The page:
Let’s up the ante yet again. In the interest of subordinating the military to diplomatic, development, and economic instruments of national power, as the interim strategy guidance document promises, let’s redesignate the Chairman of the Joint Chiefs of Staff the Chief of Military Staff, while relinquishing the position’s statutory advisory role to the NSC. Let’s convert the Joint Chiefs of Staff, comprised of the armed services chiefs responsible only for administratively organizing, training, and equipping, into a Council of Military Commanders, comprised of the operational commanders who actually employ forces in the field. Rather than perpetuating the militaristic label of combatant commands, they would be redesignated unified and specified commands as they were traditionally known. While we’re at it, we could eliminate the U.S. Northern Command in the interest of demilitarizing the homefront and, in light of other moves, also eliminate the civilian armed services secretariats.
What “other moves” are we talking about? If we were to establish regional super-ambassadors in each region of the world, we could serve the conjoined purposes of reasserting civilian supremacy over the military in the field, demonstrating a diplomacy-based regional (rather than country-specific) orientation, thereby superseding the erstwhile combatant command “proconsuls,” and providing the basis for a new Council of Chief Diplomats to advise the Secretary of State in a manner analogous to the Council of Military Commanders.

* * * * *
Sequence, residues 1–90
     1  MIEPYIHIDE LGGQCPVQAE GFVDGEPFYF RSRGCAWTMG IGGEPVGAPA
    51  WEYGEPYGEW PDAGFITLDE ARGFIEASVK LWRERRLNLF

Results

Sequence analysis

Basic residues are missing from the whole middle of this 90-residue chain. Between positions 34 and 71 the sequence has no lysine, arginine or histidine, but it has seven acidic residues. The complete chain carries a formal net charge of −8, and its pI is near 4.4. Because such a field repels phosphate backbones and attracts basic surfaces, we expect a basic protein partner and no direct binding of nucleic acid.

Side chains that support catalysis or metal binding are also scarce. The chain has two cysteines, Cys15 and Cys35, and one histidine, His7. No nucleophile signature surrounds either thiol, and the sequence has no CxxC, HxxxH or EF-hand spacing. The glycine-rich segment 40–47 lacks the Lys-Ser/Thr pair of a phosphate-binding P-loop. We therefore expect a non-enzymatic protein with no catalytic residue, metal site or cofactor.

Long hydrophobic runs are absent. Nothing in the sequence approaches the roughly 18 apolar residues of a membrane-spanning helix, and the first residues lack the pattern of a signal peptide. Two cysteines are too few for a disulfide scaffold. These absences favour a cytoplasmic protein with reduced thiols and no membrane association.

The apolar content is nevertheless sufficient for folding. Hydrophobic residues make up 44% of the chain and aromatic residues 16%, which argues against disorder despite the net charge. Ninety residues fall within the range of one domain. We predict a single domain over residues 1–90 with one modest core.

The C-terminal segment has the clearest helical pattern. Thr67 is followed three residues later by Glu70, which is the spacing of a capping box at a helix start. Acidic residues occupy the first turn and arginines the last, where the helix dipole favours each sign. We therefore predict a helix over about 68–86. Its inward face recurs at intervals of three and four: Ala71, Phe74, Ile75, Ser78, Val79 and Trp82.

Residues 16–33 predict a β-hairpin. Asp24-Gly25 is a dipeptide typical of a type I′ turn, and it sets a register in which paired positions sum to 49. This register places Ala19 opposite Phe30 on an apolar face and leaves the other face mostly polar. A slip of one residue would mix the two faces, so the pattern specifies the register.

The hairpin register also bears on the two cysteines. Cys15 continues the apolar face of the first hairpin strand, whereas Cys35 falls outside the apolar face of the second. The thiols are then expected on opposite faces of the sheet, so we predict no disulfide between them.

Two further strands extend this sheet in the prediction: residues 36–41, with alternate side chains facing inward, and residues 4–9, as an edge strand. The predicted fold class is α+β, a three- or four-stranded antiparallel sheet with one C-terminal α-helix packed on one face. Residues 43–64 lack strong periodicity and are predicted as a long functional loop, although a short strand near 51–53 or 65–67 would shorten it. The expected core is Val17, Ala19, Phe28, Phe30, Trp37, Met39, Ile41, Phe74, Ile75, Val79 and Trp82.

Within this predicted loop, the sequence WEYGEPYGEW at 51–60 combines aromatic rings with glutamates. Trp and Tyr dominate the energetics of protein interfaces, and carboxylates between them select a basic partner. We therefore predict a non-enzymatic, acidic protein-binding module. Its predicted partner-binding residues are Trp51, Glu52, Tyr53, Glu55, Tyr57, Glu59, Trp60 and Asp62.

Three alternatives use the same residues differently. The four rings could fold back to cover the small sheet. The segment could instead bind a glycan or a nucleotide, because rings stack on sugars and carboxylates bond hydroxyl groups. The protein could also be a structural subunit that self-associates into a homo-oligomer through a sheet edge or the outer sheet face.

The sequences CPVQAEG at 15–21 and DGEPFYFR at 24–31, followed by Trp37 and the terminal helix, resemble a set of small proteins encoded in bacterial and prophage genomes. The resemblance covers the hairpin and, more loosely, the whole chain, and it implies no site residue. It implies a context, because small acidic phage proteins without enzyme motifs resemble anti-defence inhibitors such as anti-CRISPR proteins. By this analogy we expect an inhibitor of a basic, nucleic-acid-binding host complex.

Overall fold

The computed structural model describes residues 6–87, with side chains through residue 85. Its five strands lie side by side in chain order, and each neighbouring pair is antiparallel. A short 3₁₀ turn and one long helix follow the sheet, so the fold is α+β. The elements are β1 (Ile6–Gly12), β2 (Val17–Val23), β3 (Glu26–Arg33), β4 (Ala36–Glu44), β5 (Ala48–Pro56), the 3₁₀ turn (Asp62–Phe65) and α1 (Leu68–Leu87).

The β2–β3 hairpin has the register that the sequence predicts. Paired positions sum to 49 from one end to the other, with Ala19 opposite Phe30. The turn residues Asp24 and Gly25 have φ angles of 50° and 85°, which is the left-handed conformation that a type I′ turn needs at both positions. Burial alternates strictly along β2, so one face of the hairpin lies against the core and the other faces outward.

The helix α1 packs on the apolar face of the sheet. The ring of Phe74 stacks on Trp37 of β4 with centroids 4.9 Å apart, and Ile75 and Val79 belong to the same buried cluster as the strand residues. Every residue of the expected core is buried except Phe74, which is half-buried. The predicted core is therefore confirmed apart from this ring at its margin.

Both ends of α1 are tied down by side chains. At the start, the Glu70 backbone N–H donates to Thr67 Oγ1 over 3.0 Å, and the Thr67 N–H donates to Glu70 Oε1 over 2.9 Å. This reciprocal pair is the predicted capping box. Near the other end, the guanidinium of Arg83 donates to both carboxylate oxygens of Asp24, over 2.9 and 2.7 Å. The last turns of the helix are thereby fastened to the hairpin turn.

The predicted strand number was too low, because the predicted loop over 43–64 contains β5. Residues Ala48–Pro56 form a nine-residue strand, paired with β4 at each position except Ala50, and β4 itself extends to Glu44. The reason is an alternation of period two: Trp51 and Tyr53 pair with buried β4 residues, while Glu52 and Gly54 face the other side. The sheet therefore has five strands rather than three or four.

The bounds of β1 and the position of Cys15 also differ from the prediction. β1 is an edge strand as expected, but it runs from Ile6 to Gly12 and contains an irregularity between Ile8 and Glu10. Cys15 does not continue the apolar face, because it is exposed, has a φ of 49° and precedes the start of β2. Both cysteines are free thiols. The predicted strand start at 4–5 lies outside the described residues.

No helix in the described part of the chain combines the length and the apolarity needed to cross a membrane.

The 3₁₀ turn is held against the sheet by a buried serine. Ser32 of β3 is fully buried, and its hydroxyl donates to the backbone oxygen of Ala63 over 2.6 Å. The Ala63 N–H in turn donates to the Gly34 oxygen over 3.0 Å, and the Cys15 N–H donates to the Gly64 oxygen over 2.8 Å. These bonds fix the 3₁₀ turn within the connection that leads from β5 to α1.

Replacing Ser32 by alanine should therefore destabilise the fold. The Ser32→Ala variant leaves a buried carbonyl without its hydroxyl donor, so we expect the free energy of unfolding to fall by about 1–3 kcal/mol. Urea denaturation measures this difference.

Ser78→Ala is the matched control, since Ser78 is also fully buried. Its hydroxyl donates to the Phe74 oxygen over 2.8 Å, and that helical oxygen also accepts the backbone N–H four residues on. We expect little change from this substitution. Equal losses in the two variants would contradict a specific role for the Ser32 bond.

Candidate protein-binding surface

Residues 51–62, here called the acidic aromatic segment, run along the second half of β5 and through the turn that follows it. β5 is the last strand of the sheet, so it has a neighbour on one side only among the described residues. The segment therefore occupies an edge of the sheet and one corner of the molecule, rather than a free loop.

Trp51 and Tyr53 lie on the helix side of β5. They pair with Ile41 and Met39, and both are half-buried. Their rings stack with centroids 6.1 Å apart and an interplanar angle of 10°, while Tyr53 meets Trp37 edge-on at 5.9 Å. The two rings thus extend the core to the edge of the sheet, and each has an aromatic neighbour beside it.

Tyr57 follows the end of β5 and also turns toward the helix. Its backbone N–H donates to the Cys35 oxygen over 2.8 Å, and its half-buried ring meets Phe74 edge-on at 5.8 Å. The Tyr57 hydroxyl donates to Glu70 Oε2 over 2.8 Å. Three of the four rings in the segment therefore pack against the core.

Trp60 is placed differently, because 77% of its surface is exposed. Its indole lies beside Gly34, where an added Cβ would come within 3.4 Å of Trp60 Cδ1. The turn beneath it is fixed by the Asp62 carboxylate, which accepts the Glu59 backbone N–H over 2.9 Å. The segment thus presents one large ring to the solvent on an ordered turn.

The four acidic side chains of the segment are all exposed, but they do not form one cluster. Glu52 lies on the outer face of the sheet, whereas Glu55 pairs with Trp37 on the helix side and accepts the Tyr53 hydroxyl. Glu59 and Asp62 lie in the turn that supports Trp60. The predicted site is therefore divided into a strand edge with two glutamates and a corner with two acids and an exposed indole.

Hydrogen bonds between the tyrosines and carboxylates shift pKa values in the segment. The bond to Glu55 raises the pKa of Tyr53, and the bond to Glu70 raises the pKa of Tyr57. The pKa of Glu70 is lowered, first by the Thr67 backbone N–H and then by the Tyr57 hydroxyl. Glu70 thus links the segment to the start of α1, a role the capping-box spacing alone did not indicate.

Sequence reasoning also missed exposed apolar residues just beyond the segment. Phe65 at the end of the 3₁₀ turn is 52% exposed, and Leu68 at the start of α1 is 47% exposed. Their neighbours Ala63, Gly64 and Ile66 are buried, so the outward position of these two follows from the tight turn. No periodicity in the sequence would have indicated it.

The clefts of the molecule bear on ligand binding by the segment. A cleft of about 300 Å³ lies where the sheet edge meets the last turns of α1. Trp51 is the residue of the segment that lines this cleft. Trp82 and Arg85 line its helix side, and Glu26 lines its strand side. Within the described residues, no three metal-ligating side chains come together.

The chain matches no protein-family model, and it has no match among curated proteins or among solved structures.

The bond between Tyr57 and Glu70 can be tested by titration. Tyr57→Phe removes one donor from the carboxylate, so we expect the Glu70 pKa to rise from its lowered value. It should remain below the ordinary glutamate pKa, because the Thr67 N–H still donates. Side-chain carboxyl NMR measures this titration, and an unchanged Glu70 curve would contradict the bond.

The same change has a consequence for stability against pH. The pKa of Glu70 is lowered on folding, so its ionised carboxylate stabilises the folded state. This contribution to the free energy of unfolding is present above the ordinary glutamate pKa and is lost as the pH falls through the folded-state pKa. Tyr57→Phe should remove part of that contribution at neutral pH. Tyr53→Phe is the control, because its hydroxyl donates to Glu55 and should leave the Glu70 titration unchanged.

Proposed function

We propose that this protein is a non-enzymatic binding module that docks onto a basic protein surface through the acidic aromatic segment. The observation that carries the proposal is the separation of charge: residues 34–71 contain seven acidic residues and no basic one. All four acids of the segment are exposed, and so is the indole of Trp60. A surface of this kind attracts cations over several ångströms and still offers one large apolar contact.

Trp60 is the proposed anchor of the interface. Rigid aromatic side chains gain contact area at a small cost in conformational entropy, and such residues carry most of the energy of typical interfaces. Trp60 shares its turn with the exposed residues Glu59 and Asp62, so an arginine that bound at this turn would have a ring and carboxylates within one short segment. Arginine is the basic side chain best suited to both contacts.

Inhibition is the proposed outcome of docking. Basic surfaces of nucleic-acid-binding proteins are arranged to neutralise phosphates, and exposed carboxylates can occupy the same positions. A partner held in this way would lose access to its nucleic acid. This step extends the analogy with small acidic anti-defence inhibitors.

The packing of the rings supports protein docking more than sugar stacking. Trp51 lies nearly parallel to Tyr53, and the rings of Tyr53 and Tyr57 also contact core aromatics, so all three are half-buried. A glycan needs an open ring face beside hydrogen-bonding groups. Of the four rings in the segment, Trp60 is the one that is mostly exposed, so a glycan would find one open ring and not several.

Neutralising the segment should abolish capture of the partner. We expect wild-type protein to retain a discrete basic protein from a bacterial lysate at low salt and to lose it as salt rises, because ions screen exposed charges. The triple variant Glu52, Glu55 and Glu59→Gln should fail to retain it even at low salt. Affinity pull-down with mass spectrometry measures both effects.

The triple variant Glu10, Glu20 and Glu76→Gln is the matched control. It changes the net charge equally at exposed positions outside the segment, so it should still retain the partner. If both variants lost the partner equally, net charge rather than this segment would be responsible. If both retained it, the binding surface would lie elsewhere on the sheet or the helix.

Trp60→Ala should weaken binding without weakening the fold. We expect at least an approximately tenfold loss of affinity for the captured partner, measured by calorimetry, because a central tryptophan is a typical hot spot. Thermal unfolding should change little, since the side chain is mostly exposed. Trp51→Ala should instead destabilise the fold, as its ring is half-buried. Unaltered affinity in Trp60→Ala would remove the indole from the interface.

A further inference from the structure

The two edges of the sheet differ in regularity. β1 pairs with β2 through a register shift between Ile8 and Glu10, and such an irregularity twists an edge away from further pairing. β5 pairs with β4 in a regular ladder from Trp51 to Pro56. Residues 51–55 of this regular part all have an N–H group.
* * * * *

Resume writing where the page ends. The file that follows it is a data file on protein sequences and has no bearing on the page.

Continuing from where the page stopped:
This, combined with making the Secretary of Defense (as the President’s sole National Command Authority counterpart) the sole Defense “voice” answering to the Minister for International Affairs, would make the highly politicized civilian armed services secretariats, whose role in exercising civilian control of the military is marginal at best, superfluous bureaucratic baggage that could be easily jettisoned.
All in all, these measures would diminish the dominant role of the military as a preferred instrumentality, fundamentally demilitarize our strategic posture at home and abroad, and greatly enhance little-j military jointness in the interest of turning what has come to be called “globally integrated operations” into a strategic reality, not just a bureaucratic public relations device.
“We think our civilization near its meridian,” said Ralph Waldo Emerson, “but we are yet only at the cock-crowing and the morning star.” So, too, is this the case in the evolution of our institutions of statecraft. The suggestions proffered here, but an abbreviated few of many others that might be suggested, are themselves at the cock crowing and morning star of possibilities for dramatic transformation. If the Biden administration is to live up to its promise and its promises, it would do well to seriously consider such proposals, however heterodox, and we the citizenry would ultimately be well served by the attendant legacy.